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Residential Metal Roofing: Is It Right for Me?

When the contractor delivered the sad news that my roof needed replacing, that led to a discussion of material choices. I was surprised to hear that metal roofing was an option. Sure, it was fine for commercial buildings, but a home? My contractor told me that metal is used for homes more than people realize. The panels can be designed to look like just about any type of roofing you can imagine. After looking at some samples and finding out about the long life of metal roofs, I decided to give it a try. Fifteen years later, my roof is still in great shape. If you are facing a roof replacement in the near future, let me tell you more about metal roofing. I'm betting that you'll decide this solution is right for your home.

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Residential Metal Roofing: Is It Right for Me?

2 Tips To Prolonging The Life Of Your Roof

by Kelly Murphy

Whether your roof is new or years old, keeping it in good shape is essential to preventing leaks and premature damage. A roof replacement is a costly proposition, so maintaining your current one is the best way to save money and keep your indoor space safe and comfy. Read on for practical measures you can take to ensure your roof stays intact for longer.

Get rid of leaves and overhanging branches

A roof that is surrounded by towering trees can have a major problem with piling leaves, which can collect on roof valleys or near chimneys, obstructing the free flow of water down the roof. This can in turn result in leakage problems as water collects on shingles and infiltrates small cracks on the roof.

Leaves can also harbor pests, create fertile ground for moss and mildew or even trap moisture, causing shingles to decompose. The best way to reduce the buildup of dry leaves on your roof is to regularly remove them with a roof leaf rake or blow them off the roof with a leaf blower. For wet leaves, use a garden hose to gently wash down the clutter. Avoid using a pressure washer to clear the roof, as it can force water up under loose shingles.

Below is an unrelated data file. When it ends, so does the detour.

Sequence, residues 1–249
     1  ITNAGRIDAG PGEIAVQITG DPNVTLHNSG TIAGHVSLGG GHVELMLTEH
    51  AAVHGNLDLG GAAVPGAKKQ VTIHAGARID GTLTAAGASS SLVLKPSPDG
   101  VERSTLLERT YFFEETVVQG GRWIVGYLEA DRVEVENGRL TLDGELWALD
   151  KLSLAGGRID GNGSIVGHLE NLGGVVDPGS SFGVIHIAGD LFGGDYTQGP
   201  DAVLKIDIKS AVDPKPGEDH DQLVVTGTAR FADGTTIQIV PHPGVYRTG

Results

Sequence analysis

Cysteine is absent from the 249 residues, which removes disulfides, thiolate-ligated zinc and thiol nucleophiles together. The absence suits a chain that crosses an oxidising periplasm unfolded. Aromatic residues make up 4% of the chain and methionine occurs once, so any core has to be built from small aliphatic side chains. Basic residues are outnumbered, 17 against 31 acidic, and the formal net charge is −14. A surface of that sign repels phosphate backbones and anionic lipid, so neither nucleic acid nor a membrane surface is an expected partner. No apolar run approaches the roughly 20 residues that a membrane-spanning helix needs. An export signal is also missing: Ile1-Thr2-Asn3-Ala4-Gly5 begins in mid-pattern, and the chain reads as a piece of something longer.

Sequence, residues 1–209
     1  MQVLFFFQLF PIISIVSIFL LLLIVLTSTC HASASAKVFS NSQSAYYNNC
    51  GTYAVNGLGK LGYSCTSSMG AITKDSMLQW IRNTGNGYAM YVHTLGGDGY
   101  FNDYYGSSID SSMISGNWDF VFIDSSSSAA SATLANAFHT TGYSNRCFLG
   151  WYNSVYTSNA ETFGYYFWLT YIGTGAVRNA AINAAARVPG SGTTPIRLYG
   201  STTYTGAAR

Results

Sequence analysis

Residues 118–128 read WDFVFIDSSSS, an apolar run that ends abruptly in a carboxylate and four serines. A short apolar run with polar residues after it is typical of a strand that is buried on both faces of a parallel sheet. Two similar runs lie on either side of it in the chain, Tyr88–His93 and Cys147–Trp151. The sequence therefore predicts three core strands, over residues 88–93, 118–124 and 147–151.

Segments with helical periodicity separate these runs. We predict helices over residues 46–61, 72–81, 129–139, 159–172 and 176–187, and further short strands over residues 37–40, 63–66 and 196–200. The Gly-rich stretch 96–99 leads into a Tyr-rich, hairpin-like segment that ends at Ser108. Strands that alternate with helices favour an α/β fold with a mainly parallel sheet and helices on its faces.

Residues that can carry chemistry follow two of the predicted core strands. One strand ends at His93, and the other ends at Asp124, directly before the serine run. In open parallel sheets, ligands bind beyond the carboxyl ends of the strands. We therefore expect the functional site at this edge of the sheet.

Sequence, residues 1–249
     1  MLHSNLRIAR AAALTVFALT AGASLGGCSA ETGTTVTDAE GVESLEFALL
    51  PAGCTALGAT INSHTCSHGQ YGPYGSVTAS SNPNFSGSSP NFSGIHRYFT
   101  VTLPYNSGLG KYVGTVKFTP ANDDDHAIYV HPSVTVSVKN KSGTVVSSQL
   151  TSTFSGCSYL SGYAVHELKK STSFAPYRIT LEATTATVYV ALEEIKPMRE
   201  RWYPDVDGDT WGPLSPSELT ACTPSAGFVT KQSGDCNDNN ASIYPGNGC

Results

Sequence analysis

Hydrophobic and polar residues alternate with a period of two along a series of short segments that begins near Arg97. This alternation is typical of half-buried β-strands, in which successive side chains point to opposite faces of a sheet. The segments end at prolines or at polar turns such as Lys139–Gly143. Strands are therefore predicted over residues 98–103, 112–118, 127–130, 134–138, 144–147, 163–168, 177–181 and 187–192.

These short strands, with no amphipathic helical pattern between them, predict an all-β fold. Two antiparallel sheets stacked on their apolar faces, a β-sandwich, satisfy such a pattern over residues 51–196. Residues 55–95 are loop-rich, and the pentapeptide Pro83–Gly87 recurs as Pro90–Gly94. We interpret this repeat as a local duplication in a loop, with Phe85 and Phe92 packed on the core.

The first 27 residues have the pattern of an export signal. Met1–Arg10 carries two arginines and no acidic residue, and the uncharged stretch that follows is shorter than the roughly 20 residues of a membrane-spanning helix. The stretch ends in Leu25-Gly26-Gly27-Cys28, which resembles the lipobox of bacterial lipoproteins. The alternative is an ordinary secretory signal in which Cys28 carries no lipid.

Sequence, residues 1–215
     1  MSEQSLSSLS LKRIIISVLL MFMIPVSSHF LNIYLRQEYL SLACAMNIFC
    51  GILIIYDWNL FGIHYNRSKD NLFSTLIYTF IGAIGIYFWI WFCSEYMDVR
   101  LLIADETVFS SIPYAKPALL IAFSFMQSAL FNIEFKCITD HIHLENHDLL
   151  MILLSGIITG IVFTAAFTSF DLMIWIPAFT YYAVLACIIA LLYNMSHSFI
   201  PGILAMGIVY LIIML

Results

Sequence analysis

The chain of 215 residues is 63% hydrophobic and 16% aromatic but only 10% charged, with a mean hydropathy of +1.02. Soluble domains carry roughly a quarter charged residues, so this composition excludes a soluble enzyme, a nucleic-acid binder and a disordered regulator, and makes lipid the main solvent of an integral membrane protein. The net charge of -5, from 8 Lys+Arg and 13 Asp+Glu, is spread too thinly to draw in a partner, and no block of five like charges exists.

A little tree-trimming can also go a long way in preventing the piling of leaves on your roof. Overhanging branches can dent gutters and damage shingles in high winds or even grant squirrels and other rodents that gnaw on shingles easy access to your roof, so trimming them can help prolong the life of your roof. Trimmed branches can end up falling on your roof and damaging shingles, so this task is probably best left to the pros.

Prevent ice dams

Ice buildup on your roof during winter can cause serious roof problems. Ice dams that form a few feet from the gutters can obstruct the flow of water off the roof, causing leakage concerns. Too much snow on the shingles can also add stress to the roof, causing damage to supporting structures or even prompting a collapse.

To prevent such complications, pry off loose snow on the roof surface between storms using a roof rake. You should also try to dislodge ice dams that are near the gutters to prevent water pooling on the roof. Be careful not to forcefully scrap off ice that has already formed, as this could lead to serious shingle damage. Once the snow storms pass, you should consider calling in a roofer to repair up your roof's insulation, as poor insulation can increase the probability of ice dams forming on the roof.

To learn more, contact a roofing company like Emerald Roofing

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